US, Philippines to open troops talks
Manila: Philippine officials say they will soon begin negotiations with the United States on a larger American military presence to help deter what they say is increasing Chinese aggression in Philippine-claimed waters in the South China Sea.
In a letter to Philippine congressional leaders, the secretaries of national defense and foreign affairs said that allowing American troops to have an "increased rotational presence" will help the country attain a "minimum credible defense" to guard its territory while it struggles to modernize its own military, one of Asia`s weakest.
A larger American presence would also mean more resources and training for responding to disasters in a nation often battered by typhoons and earthquakes, Defense Secretary Voltaire Gazmin and Foreign Secretary Albert del Rosario said in their letter, a copy of which was obtained by The Associated Press today.
"The Philippines will shortly enter into consultations and negotiations with the United States on a possible framework agreement that would implement our agreed policy of increased rotational presence," Gazmin and del Rosario said.
US officials were not immediately available for comment. The presence of foreign troops is a sensitive issue in the Philippines, a former American colony. The Philippine Senate voted in 1991 to close down major American bases at Subic and Clark, near Manila.
The Philippine Constitution forbids foreign troops from being permanently based in the country, but the Senate ratified a 1999 pact with the United States that allows temporary visits by American forces.
Gazmin and del Rosario assured lawmakers that any new accord with Washington "will be consistent with our constitution."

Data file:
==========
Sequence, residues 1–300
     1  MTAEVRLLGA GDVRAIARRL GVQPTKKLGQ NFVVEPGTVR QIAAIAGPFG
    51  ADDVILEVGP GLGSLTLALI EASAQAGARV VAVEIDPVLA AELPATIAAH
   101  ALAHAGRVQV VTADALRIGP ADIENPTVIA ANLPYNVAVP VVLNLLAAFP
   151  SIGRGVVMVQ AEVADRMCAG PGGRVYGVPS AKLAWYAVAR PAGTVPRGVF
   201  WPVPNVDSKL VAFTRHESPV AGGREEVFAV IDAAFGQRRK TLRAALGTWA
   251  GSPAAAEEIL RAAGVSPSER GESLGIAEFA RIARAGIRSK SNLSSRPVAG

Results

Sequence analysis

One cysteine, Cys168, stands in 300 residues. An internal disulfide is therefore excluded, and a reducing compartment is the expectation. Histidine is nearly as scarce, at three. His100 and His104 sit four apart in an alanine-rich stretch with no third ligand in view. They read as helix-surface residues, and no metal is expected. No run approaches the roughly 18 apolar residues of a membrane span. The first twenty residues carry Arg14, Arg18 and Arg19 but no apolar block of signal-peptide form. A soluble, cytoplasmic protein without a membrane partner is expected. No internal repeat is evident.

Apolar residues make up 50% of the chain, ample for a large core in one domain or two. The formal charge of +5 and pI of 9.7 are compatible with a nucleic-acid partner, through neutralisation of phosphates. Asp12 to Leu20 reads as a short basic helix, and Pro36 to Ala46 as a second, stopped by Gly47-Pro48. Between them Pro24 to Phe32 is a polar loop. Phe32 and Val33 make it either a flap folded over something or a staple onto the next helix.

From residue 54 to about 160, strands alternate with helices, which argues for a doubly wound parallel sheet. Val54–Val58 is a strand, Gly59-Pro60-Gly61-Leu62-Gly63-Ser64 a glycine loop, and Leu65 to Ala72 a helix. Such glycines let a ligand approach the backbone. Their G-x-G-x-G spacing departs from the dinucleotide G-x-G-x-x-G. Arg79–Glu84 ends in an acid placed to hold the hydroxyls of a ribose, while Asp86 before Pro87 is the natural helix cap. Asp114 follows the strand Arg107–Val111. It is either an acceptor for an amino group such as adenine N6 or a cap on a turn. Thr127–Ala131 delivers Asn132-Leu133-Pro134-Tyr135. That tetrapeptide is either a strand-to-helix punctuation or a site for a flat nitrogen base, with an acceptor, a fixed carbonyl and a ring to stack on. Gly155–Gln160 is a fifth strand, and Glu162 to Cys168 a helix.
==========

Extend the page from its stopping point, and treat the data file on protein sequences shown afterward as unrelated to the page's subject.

Several of China`s neighbors have been alarmed by Beijing`s recent assertiveness in claiming large areas of the South China Sea.
Manila`s desire to bolster its external defense and security has dovetailed with Washington`s intention to pivot away from years of heavy military engagement in the Middle East to Asia, where it has been fostering closer economic and military alliances with countries such as the Philippines, partly as a counterweight to China`s rising clout.
The realignment of American forces in the Asia-Pacific also involves the deployment of up to 2,500 US Marines in northern Australia and the stationing of US combat vessels in Singapore.
Gazmin has said that additional American troops would only be allowed to have access to the country`s existing military bases under terms the Philippines would negotiate with the US government. The two sides would have to negotiate the length of any agreement allowing more US troops, planes, ships and other equipment.
Under the current Visiting Forces Agreement, hundreds of American counterterrorism troops have been allowed to stay in the Philippines` volatile southern Mindanao region since 2002 to train Filipino soldiers battling al-Qaida-linked Abu Sayyaf militants and a handful of foreign terrorist suspects from Indonesia and Malaysia.
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